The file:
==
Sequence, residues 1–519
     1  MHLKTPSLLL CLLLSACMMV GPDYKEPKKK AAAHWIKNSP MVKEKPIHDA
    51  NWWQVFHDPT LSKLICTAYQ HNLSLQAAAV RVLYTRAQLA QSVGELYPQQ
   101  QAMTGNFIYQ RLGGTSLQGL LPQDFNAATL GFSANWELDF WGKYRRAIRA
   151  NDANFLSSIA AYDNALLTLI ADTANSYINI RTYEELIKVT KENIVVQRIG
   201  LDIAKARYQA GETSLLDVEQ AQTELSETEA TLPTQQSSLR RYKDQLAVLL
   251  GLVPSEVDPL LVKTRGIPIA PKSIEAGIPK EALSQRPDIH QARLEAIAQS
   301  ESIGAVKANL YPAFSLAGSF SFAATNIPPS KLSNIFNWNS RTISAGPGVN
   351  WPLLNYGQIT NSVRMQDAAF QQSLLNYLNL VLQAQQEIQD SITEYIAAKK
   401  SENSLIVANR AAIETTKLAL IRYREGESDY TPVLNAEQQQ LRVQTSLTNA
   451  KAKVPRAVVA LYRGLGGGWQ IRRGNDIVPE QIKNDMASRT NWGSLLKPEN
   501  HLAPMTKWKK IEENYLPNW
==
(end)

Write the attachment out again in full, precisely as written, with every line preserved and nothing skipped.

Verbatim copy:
Sequence, residues 1–519
     1  MHLKTPSLLL CLLLSACMMV GPDYKEPKKK AAAHWIKNSP MVKEKPIHDA
    51  NWWQVFHDPT LSKLICTAYQ HNLSLQAAAV RVLYTRAQLA QSVGELYPQQ
   101  QAMTGNFIYQ RLGGTSLQGL LPQDFNAATL GFSANWELDF WGKYRRAIRA
   151  NDANFLSSIA AYDNALLTLI ADTANSYINI RTYEELIKVT KENIVVQRIG
   201  LDIAKARYQA GETSLLDVEQ AQTELSETEA TLPTQQSSLR RYKDQLAVLL
   251  GLVPSEVDPL LVKTRGIPIA PKSIEAGIPK EALSQRPDIH QARLEAIAQS
   301  ESIGAVKANL YPAFSLAGSF SFAATNIPPS KLSNIFNWNS RTISAGPGVN
   351  WPLLNYGQIT NSVRMQDAAF QQSLLNYLNL VLQAQQEIQD SITEYIAAKK
   401  SENSLIVANR AAIETTKLAL IRYREGESDY TPVLNAEQQQ LRVQTSLTNA
   451  KAKVPRAVVA LYRGLGGGWQ IRRGNDIVPE QIKNDMASRT NWGSLLKPEN
   501  HLAPMTKWKK IEENYLPNW